British department store Debenhams revealed losses of £491.5m this morning for the year ending 1 September.
It’s the biggest ever loss in its 240-year history, signalling a closure of around a third of its 165 stores over the next three to five years and the loss of a possible 4,000 jobs.
In what is another sign of the continuing bloodbath on the high street amid a series of recent retail closes and collapses, Debenhams CEO, Sergio Bucher, said: “It has been a tough year for retail in 2018 and our performance reflects that. We are taking decisive steps to strengthen Debenhams in a market that remains volatile and challenging, and we are taking tough decisions on stores where financial performance is likely to deteriorate over time. Debenhams remains a strong and trusted brand with 19m customers shopping with us over the past year.”
Underlying profit before tax also plummeted 65.1% year-on-year to £33.2 million, before cash exceptional charges relating in part to the “Debenhams Redesigned” strategy. Meanwhile Debenhams’ EBITDA fell 35.6% in the UK, while the retailer’s overall EBITDA fell 27.5% year-on-year to £157.5 million.
The reported loss comes after three profit warnings this year and £512.4 million worth of write downs relating to store and lease provisions, impairment charges and IT costs. One of the write-downs, amounting to £300m, dates back to the 2003 buyout of the retailer by a consortium of private equity investors. It is understood that the chain’s new finance director Rachel Osborne had been keen to clear the books by taking a hit on the write-downs and making a clean break from the past.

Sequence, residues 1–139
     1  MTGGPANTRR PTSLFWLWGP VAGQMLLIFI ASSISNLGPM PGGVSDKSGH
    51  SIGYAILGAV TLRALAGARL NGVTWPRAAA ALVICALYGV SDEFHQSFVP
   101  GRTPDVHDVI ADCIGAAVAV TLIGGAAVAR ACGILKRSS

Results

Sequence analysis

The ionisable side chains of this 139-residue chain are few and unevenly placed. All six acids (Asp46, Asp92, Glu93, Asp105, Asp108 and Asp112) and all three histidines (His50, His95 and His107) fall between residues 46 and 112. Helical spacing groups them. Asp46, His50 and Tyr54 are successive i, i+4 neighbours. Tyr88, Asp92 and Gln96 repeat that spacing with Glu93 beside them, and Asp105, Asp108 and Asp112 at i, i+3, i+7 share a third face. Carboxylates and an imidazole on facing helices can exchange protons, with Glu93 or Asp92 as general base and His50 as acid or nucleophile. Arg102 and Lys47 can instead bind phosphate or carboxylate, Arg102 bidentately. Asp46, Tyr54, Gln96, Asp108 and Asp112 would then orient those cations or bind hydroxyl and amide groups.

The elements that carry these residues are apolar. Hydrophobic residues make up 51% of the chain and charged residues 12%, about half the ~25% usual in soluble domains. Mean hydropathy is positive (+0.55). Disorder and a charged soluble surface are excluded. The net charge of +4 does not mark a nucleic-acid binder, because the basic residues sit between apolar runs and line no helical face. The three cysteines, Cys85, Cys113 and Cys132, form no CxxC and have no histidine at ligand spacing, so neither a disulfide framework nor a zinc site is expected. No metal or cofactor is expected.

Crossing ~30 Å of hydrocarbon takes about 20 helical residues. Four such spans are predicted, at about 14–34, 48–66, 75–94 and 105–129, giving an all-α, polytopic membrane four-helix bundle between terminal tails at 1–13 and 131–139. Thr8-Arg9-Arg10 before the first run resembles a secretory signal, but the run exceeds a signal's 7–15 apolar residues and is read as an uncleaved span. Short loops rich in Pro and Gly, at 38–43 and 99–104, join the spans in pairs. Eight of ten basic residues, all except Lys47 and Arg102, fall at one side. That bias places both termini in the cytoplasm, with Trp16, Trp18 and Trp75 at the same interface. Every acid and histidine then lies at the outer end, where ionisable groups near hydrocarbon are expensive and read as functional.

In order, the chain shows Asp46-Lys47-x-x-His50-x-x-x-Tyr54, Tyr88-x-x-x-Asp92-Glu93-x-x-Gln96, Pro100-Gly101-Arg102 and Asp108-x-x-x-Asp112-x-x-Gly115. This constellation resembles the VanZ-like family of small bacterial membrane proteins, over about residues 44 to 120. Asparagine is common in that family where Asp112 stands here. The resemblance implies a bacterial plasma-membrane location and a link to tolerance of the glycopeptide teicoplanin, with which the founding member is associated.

The annual loss compares to the £59m profit the department store recorded the previous year. Like-for-like sales fell 2.3% year-on-year, with fashion and beauty remaining weak, and discounting also a notable factor.
Rumours began circulating earlier this autumn that Sports Direct’s Mike Ashley, having acquired House of Fraser from administration in the summer, would make a play for Debenhams too. Sports Direct already owns an almost 30% stake in Debenhams.
However Sports Direct issued a statement in September saying it had no plans to make a bid in the short-term, but it reserved the right to change its mind should there be a material change in circumstances at Debenhams, or if it has the full backing of the Debenhams board, or in the event of a rival bid.